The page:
• The scientific name for ear mites is Otodectes cynotis.
  • Ear mites are contagious to other animals but not to humans.
  • Ear mite infestation can cause secondary ear infections, but the mites and infections are both treatable with medication.

What Are Ear Mites?

Ear mites are small parasites that live on an animal’s body, particularly in the ears of dogs and cats. Ear mites sustain themselves by eating skin cells, blood, and earwax. They deposit their waste (a dark, crusty debris) in the ear of the host animal. They also mate and produce eggs in the ear of the host. The mite’s entire life cycle is only about 3 weeks, and the mite spends its whole life on the animal. Ear mites are contagious to some other animals (for example, cats, dogs, and ferrets), but they are not contagious to humans.

Signs of Ear Mites

  • Shaking/rubbing of the head and ears
  • Dark, crusty debris in the ears
  • Itching/scratching
  • Secondary ear infections
  • Red and inflamed ears

Diagnosis and Treatment

Ear mites are microscopic. Your veterinarian can find them by examining ear debris under a microscope.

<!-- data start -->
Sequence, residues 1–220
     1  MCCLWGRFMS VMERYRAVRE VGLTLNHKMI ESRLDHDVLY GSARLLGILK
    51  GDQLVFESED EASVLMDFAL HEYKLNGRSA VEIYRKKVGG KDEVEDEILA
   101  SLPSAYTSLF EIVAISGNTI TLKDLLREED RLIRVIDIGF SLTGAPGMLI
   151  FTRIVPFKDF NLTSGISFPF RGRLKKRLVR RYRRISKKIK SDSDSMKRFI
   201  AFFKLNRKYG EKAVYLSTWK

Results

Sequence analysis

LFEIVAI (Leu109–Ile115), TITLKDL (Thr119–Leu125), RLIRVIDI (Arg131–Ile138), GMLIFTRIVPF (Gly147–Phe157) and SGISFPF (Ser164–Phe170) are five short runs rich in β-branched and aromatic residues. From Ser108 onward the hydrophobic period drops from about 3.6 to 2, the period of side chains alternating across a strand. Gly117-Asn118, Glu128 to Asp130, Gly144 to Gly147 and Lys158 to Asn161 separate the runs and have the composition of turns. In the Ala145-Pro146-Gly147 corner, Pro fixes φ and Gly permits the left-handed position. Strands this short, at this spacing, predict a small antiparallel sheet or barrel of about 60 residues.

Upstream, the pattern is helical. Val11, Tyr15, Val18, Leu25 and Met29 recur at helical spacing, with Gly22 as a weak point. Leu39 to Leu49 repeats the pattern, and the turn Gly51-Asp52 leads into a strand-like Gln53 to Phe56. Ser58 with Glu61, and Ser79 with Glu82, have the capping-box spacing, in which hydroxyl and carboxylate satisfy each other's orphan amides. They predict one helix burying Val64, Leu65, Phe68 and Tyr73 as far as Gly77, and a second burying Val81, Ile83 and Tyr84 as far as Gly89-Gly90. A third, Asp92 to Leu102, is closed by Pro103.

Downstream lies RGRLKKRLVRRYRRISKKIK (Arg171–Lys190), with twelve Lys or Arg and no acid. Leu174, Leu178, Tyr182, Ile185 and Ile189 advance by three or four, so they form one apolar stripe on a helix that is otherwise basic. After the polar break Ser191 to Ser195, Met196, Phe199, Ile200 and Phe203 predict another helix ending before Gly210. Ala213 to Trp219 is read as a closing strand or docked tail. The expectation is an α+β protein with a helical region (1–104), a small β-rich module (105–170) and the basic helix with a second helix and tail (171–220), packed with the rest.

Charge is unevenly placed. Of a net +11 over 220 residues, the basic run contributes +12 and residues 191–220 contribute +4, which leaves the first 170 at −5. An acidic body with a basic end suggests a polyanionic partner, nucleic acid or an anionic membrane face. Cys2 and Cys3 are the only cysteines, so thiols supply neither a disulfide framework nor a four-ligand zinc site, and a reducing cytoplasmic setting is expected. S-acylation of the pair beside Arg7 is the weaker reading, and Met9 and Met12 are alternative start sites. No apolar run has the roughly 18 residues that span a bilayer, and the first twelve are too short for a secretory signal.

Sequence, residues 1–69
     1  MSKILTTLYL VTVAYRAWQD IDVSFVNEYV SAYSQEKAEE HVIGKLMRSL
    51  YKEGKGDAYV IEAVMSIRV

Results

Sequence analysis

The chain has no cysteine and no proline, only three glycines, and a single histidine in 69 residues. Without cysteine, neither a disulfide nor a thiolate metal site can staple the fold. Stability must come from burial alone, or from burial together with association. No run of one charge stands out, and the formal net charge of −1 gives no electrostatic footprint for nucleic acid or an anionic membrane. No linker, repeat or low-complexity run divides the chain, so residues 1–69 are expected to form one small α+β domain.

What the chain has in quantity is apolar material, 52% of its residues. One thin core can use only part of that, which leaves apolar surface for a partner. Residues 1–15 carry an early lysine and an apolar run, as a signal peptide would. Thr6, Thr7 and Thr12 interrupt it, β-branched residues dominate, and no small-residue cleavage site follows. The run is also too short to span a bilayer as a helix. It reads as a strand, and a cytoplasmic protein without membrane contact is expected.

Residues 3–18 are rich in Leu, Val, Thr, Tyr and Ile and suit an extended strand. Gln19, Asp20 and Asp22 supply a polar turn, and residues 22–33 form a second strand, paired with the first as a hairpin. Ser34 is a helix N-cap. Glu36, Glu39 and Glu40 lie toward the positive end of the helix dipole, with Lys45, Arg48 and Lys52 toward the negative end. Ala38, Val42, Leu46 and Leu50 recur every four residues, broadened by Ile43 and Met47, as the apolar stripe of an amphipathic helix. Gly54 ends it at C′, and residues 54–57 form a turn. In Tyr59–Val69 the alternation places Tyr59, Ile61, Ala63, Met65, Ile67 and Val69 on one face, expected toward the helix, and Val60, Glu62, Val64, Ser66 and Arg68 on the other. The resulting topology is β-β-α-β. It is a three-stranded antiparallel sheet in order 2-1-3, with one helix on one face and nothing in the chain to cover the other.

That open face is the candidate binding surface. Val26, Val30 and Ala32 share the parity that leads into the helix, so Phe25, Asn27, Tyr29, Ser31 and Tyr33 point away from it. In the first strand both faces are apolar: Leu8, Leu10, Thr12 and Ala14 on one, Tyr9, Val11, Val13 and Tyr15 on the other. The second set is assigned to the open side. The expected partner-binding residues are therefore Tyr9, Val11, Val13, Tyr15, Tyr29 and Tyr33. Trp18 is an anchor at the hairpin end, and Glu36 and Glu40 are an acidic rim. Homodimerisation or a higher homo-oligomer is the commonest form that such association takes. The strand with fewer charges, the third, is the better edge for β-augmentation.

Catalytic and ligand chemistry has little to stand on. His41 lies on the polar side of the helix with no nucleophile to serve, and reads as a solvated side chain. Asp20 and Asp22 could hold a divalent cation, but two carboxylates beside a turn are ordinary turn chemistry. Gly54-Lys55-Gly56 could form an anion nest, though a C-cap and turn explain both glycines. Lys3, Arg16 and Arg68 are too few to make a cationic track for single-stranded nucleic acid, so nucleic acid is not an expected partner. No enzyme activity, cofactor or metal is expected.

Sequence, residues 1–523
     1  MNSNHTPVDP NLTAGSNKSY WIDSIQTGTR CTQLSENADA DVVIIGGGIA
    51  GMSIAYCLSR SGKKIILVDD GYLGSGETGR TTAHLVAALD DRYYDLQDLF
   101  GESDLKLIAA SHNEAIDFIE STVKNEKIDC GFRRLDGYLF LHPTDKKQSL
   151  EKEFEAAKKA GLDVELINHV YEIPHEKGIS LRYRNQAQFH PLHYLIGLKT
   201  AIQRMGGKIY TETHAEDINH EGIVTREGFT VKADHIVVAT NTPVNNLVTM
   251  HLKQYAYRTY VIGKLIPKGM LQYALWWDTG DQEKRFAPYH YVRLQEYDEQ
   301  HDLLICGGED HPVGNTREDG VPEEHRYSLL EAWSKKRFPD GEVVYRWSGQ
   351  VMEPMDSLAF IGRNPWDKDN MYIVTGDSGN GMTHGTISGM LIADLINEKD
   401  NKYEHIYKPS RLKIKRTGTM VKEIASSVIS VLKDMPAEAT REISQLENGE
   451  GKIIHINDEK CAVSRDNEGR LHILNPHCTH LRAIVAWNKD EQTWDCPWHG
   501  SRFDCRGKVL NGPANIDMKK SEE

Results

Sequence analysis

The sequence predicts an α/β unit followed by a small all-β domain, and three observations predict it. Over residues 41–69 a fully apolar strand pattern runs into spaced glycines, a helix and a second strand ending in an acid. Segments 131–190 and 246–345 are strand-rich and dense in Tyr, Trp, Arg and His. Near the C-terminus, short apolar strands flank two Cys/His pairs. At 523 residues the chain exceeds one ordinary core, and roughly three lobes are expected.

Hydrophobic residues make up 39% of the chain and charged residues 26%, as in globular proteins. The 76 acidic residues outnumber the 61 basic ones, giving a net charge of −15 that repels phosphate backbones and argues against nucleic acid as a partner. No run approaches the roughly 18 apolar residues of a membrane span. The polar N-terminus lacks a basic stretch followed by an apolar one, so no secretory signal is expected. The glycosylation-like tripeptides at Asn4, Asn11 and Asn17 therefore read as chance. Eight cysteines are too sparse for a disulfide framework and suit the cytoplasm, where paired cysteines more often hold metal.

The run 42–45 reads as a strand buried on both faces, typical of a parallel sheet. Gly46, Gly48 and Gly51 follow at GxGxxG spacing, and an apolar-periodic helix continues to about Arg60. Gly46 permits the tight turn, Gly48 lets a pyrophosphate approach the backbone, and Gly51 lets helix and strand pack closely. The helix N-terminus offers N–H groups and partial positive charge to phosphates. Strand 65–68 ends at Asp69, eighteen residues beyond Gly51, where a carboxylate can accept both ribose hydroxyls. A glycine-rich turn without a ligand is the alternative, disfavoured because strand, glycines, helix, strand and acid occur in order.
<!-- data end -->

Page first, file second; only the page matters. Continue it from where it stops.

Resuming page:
Fortunately, ear mite infestations are very treatable. If ear mites have caused a secondary ear infection, it should be treated while the ear mite infestation is being treated.

Your veterinarian may prescribe ear drops that kill the mites when the medication is applied into your pet’s ears. Some spot-on flea and tick medications also kill ear mites. Your veterinarian will examine your pet and recommend an appropriate treatment.

Because ear mites are contagious to other pets, all animals in the household should also be treated. If your pet goes outside frequently and can pick up ear mites again, consider regular use of a flea/tick medication that also controls ear mites.